He kept his head under pressure

Times Staff Writer

NEW YORK -- Howie Kendrick wasn’t accusing Yankees reliever Chris Britton of throwing at him when he buzzed a ninth-inning fastball at the Angels second baseman’s head Thursday night.

But if the pitch was intentional . . .

“Keep it down, not at the head,” Kendrick said. “Not that he did it on purpose or anything. . . . There’s no hard feelings on my end, but at the same time, you don’t really like getting thrown at your head.”

The pitch did look a little suspicious considering Kendrick’s off-the-charts success against the Yankees -- a .527 career average (29 for 55) and .585 on-base percentage entering Friday.


You can’t blame the Yankees for trying to make Kendrick a little less comfortable in the batter’s box, but their intimidation tactics, if that’s what they were, didn’t work.

Kendrick, after avoiding the high-and-tight fastball, smacked Britton’s next pitch into left field for a single, his third hit in the Angels’ 12-6 victory.

“I guess the numbers are all right -- I’m just trying to get lucky,” Kendrick said of his success against the Yankees. “I like playing here. I like playing in Boston. The fans are rowdy, real loud, and with all the history here, every game seems like a playoff game.”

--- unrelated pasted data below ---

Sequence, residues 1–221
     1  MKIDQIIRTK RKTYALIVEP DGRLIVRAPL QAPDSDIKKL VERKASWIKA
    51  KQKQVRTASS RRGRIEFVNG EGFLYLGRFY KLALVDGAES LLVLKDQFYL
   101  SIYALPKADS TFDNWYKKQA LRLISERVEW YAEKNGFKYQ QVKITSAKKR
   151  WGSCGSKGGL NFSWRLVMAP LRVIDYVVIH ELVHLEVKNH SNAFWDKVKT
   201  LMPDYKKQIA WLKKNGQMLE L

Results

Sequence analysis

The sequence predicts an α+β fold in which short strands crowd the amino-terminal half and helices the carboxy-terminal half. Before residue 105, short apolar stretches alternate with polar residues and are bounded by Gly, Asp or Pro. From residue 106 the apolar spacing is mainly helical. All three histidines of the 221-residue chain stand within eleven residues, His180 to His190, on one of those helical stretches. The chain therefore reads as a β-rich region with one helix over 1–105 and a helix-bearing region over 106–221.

Empty feeling


Doctors told Kelvim Escobar he would need nine to 12 months to recover from Tuesday’s surgery to repair a shoulder tear, but the right-hander is shooting for something closer to seven months.

“I’m very positive, I’m in great shape, I think it will be less than a year,” said Escobar, who visited his teammates in Yankee Stadium on Friday. “In my mind, I think I can be ready for spring training.

“Everything went well. They didn’t have to touch my rotator cuff. They just fixed my labrum a bit. That’s a good sign.”

Even without Escobar, who went 18-7 with a 3.40 earned-run average last season, the Angels are well on their way to another division title. But Escobar can’t help but feel a little left out.


“It’s hard for me to watch being hurt, knowing I can’t do anything to help,” Escobar said. “But at the same time, I’m proud of my teammates, the pitching staff. I don’t feel guilty” about getting hurt.

No relief

General Manager Tony Reagins got the big bat he was looking for when he acquired Mark Teixeira from Atlanta for Casey Kotchman and a minor league pitcher on Tuesday, but he was unable to bolster the bullpen before Thursday’s non-waiver trade deadline.

“We had some preliminary discussions about relievers, but for what other teams were asking for, there wasn’t a fit,” said Reagins, who joined the team in New York on Friday. “I wasn’t disappointed. I’m confident in the guys we have in this room.”


Leave of absence

The Angels will be without one of their hottest hitters for the last two games against the Yankees. Torii Hunter, who has five home runs and 14 runs batted in on this trip, will return to Pine Bluff, Ark., today for the funeral of his grandmother.

Hunter is expected to return for Monday night’s game against Baltimore in Anahiem.

He will not be put on baseball’s bereavement list.